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Public hears more details on Bliss housing upgrades


HUDSON–Reconstruction of Hudson’s Bliss housing and new construction across State Street from it dominated the Hudson Housing Authority (HHA) Board of Commissioners meeting December 12.

The HHA owns both sites. Bliss contains 135 low-income apartments: 120 in Bliss Tower (9 stories), and 15 at the Columbia Apartments (three 2-story buildings on the same grounds). The site across the street currently has a playground, a basketball court and a handball court. The HHA, like many of the nation’s other housing authorities, is preparing to convert from public housing to a RAD (rental assistance demonstration) partnership with the private sector.

The bid winner for RAD partnership with the HHA is Property Resources Corporation (PRC), is a real estate development, construction, and property management firm based in New York City.

In return for contributing to basic maintenance and repairs of the Bliss units, PRC will get a developer’s fee, a construction project to justify the fee, 60% ownership for 15 years, and a say in HHA policies. The construction project will include remodeling Bliss—both the interior and the exterior—and building on the land across the street.

Peter Clements, an architect with PRC, said the company hoped to close the deal in June 2019 and work on both sites simultaneously. Construction time may take a year and a half.

Mr. Clements said all the Bliss apartments are going to keep their current size and number of bedrooms. But bathrooms and kitchens will be rebuilt, with new cabinets and appliances, and all windows will be replaced. In addition, since the apartments designated for people with disabilities must have larger kitchens and bathrooms, other rooms in those apartments will lose space. How to upgrade the heating, cooling and ventilation systems is still under study and is not included in plan.

“And no displacement?” asked Randall Martin, vice president of the HHA Board.

“We might temporarily move people” from apartments undergoing reconstruction to those already reconstructed, answered HHA Executive Director Tim Mattice, who had said at previous meetings that the reconstruction would require no relocation of existing Bliss tenants. Reconstruction is likely to start with 20 currently-unoccupied units.

Bliss Tower’s ground floor will be totally rearranged, with the new laundry room twice as large, and HHA offices moving out to a new “family” building.

Bliss Tower’s exterior appeared on a poster clad in wide alternating dark and light vertical strips. When Mr. Martin asked about the “water penetration issue,” Mr. Clements said that re-cladding the exterior “will completely address it.”

Regarding the grounds, Mr. Clements said, “There’s not a lot of integrity to the soil,” and hinted at a “geotech” solution.

Marie Balle, an HHA commissioner, wondered whether the jolts and booms from building State Street Apartments will aggravate existing structural integrity problems.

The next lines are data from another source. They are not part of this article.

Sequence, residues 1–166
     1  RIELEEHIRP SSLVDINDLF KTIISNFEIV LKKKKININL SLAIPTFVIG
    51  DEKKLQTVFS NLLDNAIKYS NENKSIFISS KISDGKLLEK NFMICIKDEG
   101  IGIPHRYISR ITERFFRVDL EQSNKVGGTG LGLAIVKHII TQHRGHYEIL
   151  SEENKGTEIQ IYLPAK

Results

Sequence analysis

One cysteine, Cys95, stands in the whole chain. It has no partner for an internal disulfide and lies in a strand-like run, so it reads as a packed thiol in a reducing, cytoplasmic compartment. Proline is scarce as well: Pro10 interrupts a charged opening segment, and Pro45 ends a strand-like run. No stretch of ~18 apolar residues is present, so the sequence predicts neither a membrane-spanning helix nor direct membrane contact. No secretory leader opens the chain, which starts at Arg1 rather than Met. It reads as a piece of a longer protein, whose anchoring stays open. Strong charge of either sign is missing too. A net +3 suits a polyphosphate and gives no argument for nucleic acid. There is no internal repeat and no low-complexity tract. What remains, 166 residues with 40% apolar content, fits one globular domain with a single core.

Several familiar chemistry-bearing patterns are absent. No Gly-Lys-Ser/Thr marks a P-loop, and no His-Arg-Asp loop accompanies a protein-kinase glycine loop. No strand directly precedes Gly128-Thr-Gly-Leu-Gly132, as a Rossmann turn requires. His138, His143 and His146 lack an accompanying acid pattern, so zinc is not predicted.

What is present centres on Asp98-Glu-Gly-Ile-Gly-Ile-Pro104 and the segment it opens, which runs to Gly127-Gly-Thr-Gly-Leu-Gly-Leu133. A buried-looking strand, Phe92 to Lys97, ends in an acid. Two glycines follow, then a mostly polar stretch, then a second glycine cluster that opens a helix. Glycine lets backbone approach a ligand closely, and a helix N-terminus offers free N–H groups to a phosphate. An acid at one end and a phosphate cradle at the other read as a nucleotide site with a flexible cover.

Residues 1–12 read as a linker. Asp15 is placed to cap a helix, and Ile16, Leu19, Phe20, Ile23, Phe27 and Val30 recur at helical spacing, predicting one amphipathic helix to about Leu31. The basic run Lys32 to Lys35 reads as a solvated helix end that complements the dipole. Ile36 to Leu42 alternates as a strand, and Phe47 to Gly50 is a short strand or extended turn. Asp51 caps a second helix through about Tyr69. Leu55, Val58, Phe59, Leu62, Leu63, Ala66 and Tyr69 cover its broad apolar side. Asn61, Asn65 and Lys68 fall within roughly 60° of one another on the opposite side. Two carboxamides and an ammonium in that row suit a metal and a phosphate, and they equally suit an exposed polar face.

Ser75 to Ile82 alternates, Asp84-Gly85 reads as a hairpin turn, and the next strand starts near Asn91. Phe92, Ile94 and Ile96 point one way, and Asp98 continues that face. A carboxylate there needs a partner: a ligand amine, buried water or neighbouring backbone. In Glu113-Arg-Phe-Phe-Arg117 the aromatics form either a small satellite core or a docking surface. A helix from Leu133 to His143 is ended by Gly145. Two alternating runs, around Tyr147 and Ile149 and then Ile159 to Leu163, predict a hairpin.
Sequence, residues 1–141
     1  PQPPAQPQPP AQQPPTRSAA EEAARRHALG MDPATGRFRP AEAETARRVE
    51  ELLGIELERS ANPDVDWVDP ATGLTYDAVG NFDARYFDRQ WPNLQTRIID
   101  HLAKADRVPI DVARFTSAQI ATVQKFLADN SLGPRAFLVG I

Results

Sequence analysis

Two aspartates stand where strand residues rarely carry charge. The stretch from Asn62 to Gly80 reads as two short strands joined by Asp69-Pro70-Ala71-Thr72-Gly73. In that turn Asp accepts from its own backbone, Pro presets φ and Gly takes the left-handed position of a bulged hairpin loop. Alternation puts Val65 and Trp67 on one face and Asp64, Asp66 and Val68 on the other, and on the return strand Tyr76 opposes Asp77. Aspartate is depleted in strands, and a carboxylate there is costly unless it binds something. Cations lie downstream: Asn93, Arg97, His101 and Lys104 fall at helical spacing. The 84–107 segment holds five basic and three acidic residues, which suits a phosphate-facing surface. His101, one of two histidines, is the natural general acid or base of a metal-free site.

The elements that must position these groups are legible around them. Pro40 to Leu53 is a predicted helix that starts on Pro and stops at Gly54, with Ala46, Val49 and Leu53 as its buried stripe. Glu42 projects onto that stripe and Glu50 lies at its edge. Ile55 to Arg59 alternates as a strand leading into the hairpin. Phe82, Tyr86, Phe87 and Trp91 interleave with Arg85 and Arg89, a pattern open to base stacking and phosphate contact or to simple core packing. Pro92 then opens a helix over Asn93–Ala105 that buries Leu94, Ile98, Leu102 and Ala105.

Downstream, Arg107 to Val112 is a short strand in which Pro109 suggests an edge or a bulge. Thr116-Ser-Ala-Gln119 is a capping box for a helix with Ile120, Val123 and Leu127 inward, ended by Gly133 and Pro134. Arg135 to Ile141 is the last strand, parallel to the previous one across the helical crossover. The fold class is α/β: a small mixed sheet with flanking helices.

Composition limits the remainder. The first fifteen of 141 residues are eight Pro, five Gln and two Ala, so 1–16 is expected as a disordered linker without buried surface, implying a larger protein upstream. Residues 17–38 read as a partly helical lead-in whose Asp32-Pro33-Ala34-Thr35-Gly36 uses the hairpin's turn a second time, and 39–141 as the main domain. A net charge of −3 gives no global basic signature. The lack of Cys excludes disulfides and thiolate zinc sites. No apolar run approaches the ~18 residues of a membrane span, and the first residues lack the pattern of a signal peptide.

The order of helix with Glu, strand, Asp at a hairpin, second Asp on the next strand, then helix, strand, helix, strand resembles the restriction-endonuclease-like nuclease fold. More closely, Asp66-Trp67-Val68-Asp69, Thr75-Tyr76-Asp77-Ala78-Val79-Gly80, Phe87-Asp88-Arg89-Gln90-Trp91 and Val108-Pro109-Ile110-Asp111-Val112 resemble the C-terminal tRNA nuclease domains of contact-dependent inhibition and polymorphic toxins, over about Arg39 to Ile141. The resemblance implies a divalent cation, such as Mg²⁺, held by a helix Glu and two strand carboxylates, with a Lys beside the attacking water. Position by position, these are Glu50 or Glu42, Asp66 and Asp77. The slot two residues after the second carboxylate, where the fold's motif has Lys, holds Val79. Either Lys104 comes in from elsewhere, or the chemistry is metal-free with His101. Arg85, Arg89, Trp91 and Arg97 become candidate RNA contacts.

Although current plans leave Columbia Apartments intact, Mr. Clements said that for Planning Board purposes, the project might have a Phase 2, in which Columbia Apartments might be replaced with bigger buildings. But he emphasized that, as of now, this was not a plan, not even an alternate plan.

The new construction across State Street from Bliss is to consist of two 4-story residential buildings known as State Street Apartments. One, on the corner, is have commercial space on the bottom and 33 apartments for senior citizens. The other is to have 40 apartments for “families.” Both buildings will alternate between “brick” and “clapboard” exterior cladding.

For constructing these buildings, HHA and PRC will partner with developer Duvernay & Brooks. In addition, Mr. Clements said, “We’ve brought about a consultant for green buildings—energy efficiency, water usage, etc.”

“Are the new units going to be market rate?” asked a woman in the audience.

“No, they will all be affordable,” answered Mr. Mattice.

An October presentation about State Street Apartments said that the family building would be for “mixed moderate” incomes, which is not as low income as the units in Bliss.

Once construction is completed, seniors currently living in Bliss will be offered the option of moving into the senior building. But they will not be forced to do so, Alan Weaver, chairman of the HHA Board assured the audience at the December 12, meeting.

A presentation October 30 showed 36 units in the senior building, 42 units in the family building, with all “brick” exterior cladding. Since then, the decision was made to replace some senior studios with one-bedroom units, reducing the total number of apartments. In addition, the clapboard cladding will be used, which was said to be less expensive than brick. “Some people said the buildings looked monolithic and wanted them to look more residential,” said Mr. Mattice.

“What you have looks fantastic on paper, but it still promotes an atmosphere for drugs,” said a woman in the audience. “It’s still stacking people on top of each other. What about little houses that people can buy?”

“That’s a fantastic idea,” said Mr. Mattice.

“How about ground floor units with stoops to the street, so adults can sit out on the front,” suggested Matthew Frederick, an architect who lives on Union Street in Hudson. “You can still have a main entrance. But there would be more entrances.”

Also at the December 12 meeting, the housing board announced the resignation of Commissioner Mary Decker. “I think we should expedite her replacement,” said Mr. Martin. This resignation is the second in two months. It left the board with only five commissioners, one of whom is a tenant commissioner.

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